digplanet beta 1: Athena
Share digplanet:

Agriculture

Applied sciences

Arts

Belief

Business

Chronology

Culture

Education

Environment

Geography

Health

History

Humanities

Language

Law

Life

Mathematics

Nature

People

Politics

Science

Society

Technology

"President of the North Carolina Senate" redirects here. For the political leader of the Senate, see President Pro Tempore of the North Carolina Senate.

The Lieutenant Governor of North Carolina is the second highest elected official in the U.S. state of North Carolina and is the only elected official to have powers in both the legislative and executive branches of state government. The current Lieutenant Governor is Dan Forest, a Republican.

As of 2008, the administrative offices of the Lieutenant Governor are located in the historic Hawkins-Hartness House on N. Blount Street in Raleigh's Government District. The Lieutenant Governor also maintains an office at the nearby North Carolina State Legislative Building. At one time, the Lieutenant Governor had an office in the North Carolina State Capitol.[1]

Duties and powers[edit]

The office of Lieutenant Governor was created by the North Carolina Constitution of 1868. Just as the Vice-President of the United States presides over the United States Senate, the lieutenant governor's primary responsibility is to preside over the North Carolina Senate; until 1970, this was the lieutenant governor's only major responsibility, and the position was only part-time. The position is now a full-time job.

By virtue of the office, the lieutenant governor is a member of the North Carolina Council of State, the North Carolina Board of Education, the North Carolina Capital Planning Commission, and the North Carolina Board of Community Colleges, and serves as the Chairman of the eLearning Commission.[2]

Succession to Office of Governor[edit]

The Lieutenant Governor is the first official in line to succeed the Governor of North Carolina, should that office be vacated. This has occurred five times in the history of the office; four of the first six lieutenant governors were promoted upon the death, impeachment, or resignation of the previously sitting governor.

Lieutenant Governors have often run for Governor, but few have been successful. Jim Hunt, elected governor in 1976, and Beverly Perdue, elected governor in 2008, are the two most recent exceptions.[3]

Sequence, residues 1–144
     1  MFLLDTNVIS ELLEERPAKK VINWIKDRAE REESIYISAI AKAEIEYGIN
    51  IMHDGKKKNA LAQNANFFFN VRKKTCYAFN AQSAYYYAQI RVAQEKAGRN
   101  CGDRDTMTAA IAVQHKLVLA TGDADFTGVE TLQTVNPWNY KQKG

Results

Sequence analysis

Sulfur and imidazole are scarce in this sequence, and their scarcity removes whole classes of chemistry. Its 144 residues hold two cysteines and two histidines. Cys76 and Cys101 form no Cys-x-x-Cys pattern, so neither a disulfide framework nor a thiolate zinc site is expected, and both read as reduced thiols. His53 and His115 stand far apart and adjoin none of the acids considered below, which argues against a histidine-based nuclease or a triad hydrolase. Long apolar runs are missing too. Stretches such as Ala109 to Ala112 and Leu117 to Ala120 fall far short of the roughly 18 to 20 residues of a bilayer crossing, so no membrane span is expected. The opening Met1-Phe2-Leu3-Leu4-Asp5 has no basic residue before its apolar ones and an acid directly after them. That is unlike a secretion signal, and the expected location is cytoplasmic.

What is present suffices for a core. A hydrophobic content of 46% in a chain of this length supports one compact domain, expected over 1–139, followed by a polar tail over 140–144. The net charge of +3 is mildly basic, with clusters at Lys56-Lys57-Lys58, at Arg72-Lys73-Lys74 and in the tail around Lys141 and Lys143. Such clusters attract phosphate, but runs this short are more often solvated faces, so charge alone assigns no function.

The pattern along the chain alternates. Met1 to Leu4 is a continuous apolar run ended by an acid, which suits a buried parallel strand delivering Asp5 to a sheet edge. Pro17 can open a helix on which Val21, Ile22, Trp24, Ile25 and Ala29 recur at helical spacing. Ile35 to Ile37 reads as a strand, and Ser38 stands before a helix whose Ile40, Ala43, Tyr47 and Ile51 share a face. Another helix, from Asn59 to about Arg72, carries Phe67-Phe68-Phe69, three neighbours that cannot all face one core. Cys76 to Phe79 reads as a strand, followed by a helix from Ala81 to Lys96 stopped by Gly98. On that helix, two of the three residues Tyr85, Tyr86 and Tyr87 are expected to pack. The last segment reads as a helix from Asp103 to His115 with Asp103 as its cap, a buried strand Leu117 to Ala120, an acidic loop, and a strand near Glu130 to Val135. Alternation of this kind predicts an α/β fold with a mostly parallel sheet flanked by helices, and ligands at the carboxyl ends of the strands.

The lieutenant governor is elected on a separate ballot from the governor; therefore, it is theoretically possible that the governor and lieutenant governor may be of different political party affiliations. This most recently was the case from 1985 to 1989.

List of Lieutenant Governors[edit]

  1. Tod R. Caldwell (R), 1868–1871 [a] (Acting Governor from December 20, 1870)
  2. Curtis H. Brogden (R), 1873–1874 [a]
  3. Thomas J. Jarvis (D), 1877–1879 [a]
  4. James L. Robinson (D), 1881–1885
  5. Charles M. Stedman (D), 1885–1889
  6. Thomas M. Holt (D), 1889–1891 [a]
  7. Rufus A. Doughton (D), 1893–1897
  8. Charles A. Reynolds (R), 1897–1901
  9. Wilfred D. Turner (D), 1901–1905
  10. Francis D. Winston (D), 1905–1909
  11. William C. Newland (D), 1909–1913
  12. Elijah L. Daughtridge (D), 1913–1917
  13. Oliver Max Gardner (D), 1917–1921
  14. William B. Cooper (D), 1921–1925
  15. Jacob E. Long (D), 1925–1929
  16. Richard T. Fountain (D), 1929–1933
  17. Alexander H. Graham (D), 1933–1937
  18. Wilkins P. Horton (D), 1937–1941
  19. Reginald L. Harris (D), 1941–1945
  20. Lynton Y. Ballentine (D), 1945–1949
  21. Hoyt Patrick Taylor (D), 1949–1953
  22. Luther H. Hodges (D), 1953–1954 [a]
  23. Luther E. Barnhardt (D), 1957–1961
  24. Harvey Cloyd Philpott (D), 1961–1961 [b]
  25. Robert W. Scott (D), 1965–1969
  26. Hoyt Patrick Taylor, Jr. (D), 1969–1973
  27. James B. Hunt, Jr. (D), 1973–1977
  28. James C. Green (D), 1977–1985 [c]
  29. Robert B. Jordan, III (D), 1985–1989
  30. James Carson Gardner (R), 1989–1993 [d]
  31. Dennis A. Wicker (D), 1993–2001
  32. Beverly Eaves Perdue (D), 2001–2009[e]
  33. Walter H. Dalton (D), 2009–2013
  34. Dan Forest (R), 2013-Present
Notes
  1. ^ a b c d e Succeeded to the office of Governor.
  2. ^ Died in office.
  3. ^ First Lt. Governor to serve two terms.
  4. ^ First Republican elected since Reynolds in 1896.
  5. ^ First female Lt. Governor.

See also[edit]

North Carolina Lieutenant Governor Elections: 1996, 2000, 2004, 2008, 2012

List of Living Lieutenant Governors[edit]

As of August 2014, seven former lieutenant governors were alive, the oldest being Hoyt Patrick Taylor, Jr. (1969–1973, born 1924). The most recent death of a former lieutenant governor was that of Robert W. Scott (1965–1969), on January 23, 2009.

Lt. Governor Lt. Gubernatorial term Date of birth
Hoyt Patrick Taylor, Jr. 1969–1973 (1924-04-01) April 1, 1924 (age 90)
James B. Hunt, Jr. 1973–1977 (1937-05-16) May 16, 1937 (age 77)
Robert B. Jordan, III 1985–1989 (1932-10-11) October 11, 1932 (age 81)
James Carson Gardner 1989–1993 (1933-04-08) April 8, 1933 (age 81)
Dennis A. Wicker 1993–2001 1952 (age 61–62)
Beverly Eaves Perdue 2001–2009 (1947-01-14) January 14, 1947 (age 67)
Walter H. Dalton 2009–2013 (1949-05-21) May 21, 1949 (age 65)

References[edit]

External links[edit]


Original courtesy of Wikipedia: http://en.wikipedia.org/wiki/Lieutenant_Governor_of_North_Carolina — Please support Wikipedia.
This page uses Creative Commons Licensed content from Wikipedia. A portion of the proceeds from advertising on Digplanet goes to supporting Wikipedia.

We're sorry, but there's no news about "Lieutenant Governor of North Carolina" right now.

Loading

Oops, we seem to be having trouble contacting Twitter

Support Wikipedia

A portion of the proceeds from advertising on Digplanet goes to supporting Wikipedia. Please add your support for Wikipedia!